Ron HermanDecember 28, 2018 at 4:25 pm
Warms my heart to see how you connected with the Cuban people and that you share your experience with others through your blog. Looking forward to seeing the next installment.
Pam PerkinsDecember 29, 2018 at 10:52 pm
Thank you, Ron. This trip was one of my best, and you were one of the reasons why.
SusanaDecember 28, 2018 at 4:27 pm
You more than made up for your limited Spanish with your friendly open approach to everyone we met! Your sincere interest in dropping below the surface level with people was so inviting. Your photos show the patience and time you invested. Beautiful!
Pam PerkinsDecember 29, 2018 at 10:50 pm
Spending time with you added immensely to what made this trip so special. Thank you so much for your beautiful words.
HELEN PAGEDecember 28, 2018 at 9:49 pm
Such a beautiful story, Pam. Thank you so much. I needed this tonight, as much as I needed our phone call.
Pam PerkinsDecember 29, 2018 at 10:48 pm
Thank you, Helen. I needed to hear your voice too. xoxoxox
Jim PrestonDecember 29, 2018 at 6:28 am
Very expressive description of living conditions. It provides a stark appreciation of all the blessings we enjoy in our country.
Pam PerkinsDecember 29, 2018 at 10:54 pm
Yes, we are truly fortunate, but the Cubans are fortunate too because they know how to live life to its fullest despite many hardships. Their zest for life is contagious.
Bill ArdisDecember 29, 2018 at 3:54 pm
Amazing, wonderful, as always, Pam. I’m with Brother Cardoza, You’re truly a goodwill ambassador wherever you go. You’re majorly brave as well. Lotsa folks wouldn’t wander about taking pictures in an unknown environment. Bless your very brave heart!!! If your site offered emojis I’d shower hearts upon you.
Pam PerkinsDecember 29, 2018 at 10:47 pm
Dearest Bill – You are a true mensch. In Yiddish that means that you are very special. Thank you for your support in all that I do. xoxox
Christine SilverDecember 29, 2018 at 10:07 pm
I envy your ability to reach out and then your heart warming receptivity
Pam PerkinsDecember 29, 2018 at 10:46 pm
Thank you, Chris. It’s nice to hear from you, and I hope you are well. I miss you. Pam
carla newtonDecember 30, 2018 at 8:13 am
What a perfect memory of the natural goodwill of the Cuban people! Your family seemed to have more room than the homes I wandered through in Havana even though the aesthetics were about the same. With such a lowly stipend, the non taxi-driving Cubans have little discretionary income to spend on paint or new furniture. It’s a true testament to the Cubans’ fabulous spirit and love for their family and friends that they remain hopeful. I am greatly looking forward to more of your fab photos and writing. You plop me right there in Cuba again!
Pam PerkinsDecember 30, 2018 at 2:12 pm
I was amazed at how much Cuba has changed in the six years since I was there, and some of my traveling friends saw the big change even in two years. The Cubans have learned to live life to the fullest regardless of their means.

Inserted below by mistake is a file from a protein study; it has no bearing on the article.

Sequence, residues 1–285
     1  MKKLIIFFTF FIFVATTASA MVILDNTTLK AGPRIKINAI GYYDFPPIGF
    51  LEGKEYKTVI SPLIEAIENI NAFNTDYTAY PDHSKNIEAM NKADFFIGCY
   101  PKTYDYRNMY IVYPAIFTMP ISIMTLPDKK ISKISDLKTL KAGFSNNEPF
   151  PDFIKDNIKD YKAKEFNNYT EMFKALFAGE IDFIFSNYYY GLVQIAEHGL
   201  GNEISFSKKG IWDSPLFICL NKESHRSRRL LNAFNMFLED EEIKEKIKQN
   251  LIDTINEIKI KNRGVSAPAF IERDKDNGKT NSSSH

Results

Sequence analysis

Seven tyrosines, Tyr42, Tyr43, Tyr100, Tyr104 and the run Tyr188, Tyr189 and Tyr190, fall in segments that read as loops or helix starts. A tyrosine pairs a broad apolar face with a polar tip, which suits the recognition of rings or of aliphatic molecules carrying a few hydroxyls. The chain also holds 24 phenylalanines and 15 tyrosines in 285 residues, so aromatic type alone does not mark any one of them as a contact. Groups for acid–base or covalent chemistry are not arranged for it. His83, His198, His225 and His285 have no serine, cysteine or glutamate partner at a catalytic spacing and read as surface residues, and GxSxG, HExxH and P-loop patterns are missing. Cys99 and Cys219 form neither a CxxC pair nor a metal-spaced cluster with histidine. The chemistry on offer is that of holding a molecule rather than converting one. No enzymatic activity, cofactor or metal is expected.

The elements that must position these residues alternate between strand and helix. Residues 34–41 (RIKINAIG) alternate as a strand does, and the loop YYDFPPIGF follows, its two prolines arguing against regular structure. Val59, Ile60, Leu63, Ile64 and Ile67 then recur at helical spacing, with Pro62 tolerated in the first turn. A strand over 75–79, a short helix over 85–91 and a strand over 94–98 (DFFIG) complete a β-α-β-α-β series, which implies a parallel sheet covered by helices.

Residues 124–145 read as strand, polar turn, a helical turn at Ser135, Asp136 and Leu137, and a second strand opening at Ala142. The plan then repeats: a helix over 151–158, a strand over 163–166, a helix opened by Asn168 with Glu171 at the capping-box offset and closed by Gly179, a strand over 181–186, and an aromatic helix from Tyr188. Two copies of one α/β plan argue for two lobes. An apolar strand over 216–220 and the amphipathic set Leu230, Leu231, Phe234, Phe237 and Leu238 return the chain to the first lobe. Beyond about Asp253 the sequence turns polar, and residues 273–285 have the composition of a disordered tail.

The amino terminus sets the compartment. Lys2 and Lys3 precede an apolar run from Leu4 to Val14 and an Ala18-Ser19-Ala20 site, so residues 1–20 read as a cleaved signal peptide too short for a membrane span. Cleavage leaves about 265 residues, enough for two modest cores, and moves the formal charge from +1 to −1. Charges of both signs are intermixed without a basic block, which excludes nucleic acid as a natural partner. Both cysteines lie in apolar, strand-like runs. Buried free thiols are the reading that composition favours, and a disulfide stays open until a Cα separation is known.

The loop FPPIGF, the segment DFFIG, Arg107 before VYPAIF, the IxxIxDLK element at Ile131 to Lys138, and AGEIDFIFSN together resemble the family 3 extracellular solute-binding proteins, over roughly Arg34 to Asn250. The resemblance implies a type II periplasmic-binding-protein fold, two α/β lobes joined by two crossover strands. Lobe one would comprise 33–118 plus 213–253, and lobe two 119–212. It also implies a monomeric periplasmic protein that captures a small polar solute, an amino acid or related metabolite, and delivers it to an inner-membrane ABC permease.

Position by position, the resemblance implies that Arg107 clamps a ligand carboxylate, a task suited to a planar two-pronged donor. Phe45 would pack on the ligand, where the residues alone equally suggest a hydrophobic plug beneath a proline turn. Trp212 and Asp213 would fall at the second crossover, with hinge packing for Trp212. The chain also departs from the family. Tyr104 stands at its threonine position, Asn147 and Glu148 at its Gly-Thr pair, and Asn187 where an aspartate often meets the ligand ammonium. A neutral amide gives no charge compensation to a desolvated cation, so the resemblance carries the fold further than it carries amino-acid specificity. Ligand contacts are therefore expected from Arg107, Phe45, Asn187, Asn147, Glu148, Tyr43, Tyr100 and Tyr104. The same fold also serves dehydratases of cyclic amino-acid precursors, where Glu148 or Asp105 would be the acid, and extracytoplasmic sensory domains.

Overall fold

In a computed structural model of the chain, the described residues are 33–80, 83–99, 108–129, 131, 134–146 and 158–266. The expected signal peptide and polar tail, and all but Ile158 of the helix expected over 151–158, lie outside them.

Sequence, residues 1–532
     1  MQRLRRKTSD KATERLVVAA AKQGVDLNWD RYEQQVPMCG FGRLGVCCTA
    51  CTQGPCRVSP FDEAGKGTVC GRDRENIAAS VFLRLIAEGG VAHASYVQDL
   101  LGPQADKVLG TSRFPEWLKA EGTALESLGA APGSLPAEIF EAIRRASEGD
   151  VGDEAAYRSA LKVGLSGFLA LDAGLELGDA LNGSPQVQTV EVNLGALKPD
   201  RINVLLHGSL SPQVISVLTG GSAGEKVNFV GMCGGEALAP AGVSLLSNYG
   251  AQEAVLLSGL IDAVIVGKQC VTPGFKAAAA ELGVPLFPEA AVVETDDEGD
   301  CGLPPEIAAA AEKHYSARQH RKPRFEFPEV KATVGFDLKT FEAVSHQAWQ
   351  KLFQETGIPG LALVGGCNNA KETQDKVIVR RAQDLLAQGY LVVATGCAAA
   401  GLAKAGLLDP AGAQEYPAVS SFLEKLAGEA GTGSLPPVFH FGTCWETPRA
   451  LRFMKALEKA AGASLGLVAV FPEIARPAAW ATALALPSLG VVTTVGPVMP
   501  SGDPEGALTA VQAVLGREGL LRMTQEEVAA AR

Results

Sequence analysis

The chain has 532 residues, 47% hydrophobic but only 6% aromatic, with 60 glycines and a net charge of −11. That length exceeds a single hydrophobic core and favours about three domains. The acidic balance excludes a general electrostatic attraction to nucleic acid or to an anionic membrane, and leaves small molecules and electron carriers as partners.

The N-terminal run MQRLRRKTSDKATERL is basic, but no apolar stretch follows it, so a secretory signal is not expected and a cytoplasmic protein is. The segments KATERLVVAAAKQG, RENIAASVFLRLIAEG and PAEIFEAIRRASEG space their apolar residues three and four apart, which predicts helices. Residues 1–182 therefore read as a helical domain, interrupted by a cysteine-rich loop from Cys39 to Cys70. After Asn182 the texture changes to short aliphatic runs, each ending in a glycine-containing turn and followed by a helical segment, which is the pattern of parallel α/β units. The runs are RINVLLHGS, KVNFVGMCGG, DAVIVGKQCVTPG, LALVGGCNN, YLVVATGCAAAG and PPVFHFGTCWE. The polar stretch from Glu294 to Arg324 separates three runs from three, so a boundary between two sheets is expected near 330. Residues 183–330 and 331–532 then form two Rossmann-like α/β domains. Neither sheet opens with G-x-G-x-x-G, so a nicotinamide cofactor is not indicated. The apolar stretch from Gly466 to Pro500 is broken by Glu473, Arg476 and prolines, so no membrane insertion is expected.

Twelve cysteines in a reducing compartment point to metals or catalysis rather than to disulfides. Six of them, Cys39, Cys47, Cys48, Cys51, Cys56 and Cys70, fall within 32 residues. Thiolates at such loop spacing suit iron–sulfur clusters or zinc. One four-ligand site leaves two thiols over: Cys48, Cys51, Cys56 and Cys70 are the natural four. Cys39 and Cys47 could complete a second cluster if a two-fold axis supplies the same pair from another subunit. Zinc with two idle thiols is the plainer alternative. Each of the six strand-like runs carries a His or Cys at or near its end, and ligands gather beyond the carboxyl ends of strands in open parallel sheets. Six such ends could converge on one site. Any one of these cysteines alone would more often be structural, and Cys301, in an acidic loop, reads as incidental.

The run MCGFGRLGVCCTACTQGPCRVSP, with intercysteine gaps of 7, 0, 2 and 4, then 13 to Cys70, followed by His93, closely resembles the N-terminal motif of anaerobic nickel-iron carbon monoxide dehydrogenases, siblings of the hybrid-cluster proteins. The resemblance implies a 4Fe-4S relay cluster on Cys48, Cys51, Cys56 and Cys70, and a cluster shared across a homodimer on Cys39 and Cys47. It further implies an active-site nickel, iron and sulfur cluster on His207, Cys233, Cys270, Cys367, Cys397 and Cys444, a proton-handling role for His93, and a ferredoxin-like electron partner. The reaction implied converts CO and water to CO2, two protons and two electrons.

Andrew HillDecember 31, 2018 at 2:02 pm
Another beautiful post, Pam. I love the way you connected with these people. You may not be fluent in Spanish, but you are blessed with a multilingual heart. And an artist’s eye. Thanks so much for sharing this memorable experience. Onward!
Pam PerkinsJanuary 2, 2019 at 9:02 am
Thank you, Andrew. I love the expression of a a “multilingual heart”. The People of Cuba kept giving over and over. Unforgettable.
LuRhe StrebJanuary 2, 2019 at 3:49 pm
I too like the “multilingual heart” and that fits you to a T! Did they know you’re from California? I know the language barrier is always difficult. I wonder what they thought when you left? Wouldn’t you have loved to hear their comments? We have visited people in their homes in China and India and come home with a whole new appreciation of the things we take for granted! I love traveling with you vicariously in your blogs! Keep it up ‼️
Pam PerkinsJanuary 2, 2019 at 4:18 pm
You really made my day, LuRhe, after reading thoughtful comments on three of my stories. I had several incredible experiences getting close to the Cuban people, but each needs their own story. So stay tuned. In the meantime, just know that I truly appreciate your comments. And yes, I’d really love to hear their comments. Happy New Year.
Phyllis WhitingJanuary 2, 2019 at 9:10 pm
You’ve become a first rate photographer and writer. Thanks for keeping me on the list of recipients. Im still hoping to visit Cuba and your blog makes me even more eager. Perhaps 2019 will be the year. Also hope it will be the year to celebrate our January birthdays together. So much catching up to do. Big hugs to you and Bruce.
Phyllis WhitingJanuary 2, 2019 at 9:12 pm
You’ve become a first rate photographer and writer. Kudos. Im still hoping to visit Cuba and your blog makes me even more eager. Perhaps 2019 will be the year. Also hope it will be the year to celebrate our January birthdays together. So much catching up to do. Big hugs to you and Bruce.
Phyllis WhitingJanuary 2, 2019 at 9:14 pm
You’ve become a first rate photographer and writer. Kudos. Im still hoping to visit Cuba. Perhaps 2019 will be the year. Also hope it will be the year to celebrate our January birthdays together. So much catching up to do. Big hugs to you and Bruce.
Jacquelyn BrownJanuary 4, 2019 at 2:03 pm
Love the photos and the insights! Thanks for reaching out on behalf of your fellow Americans.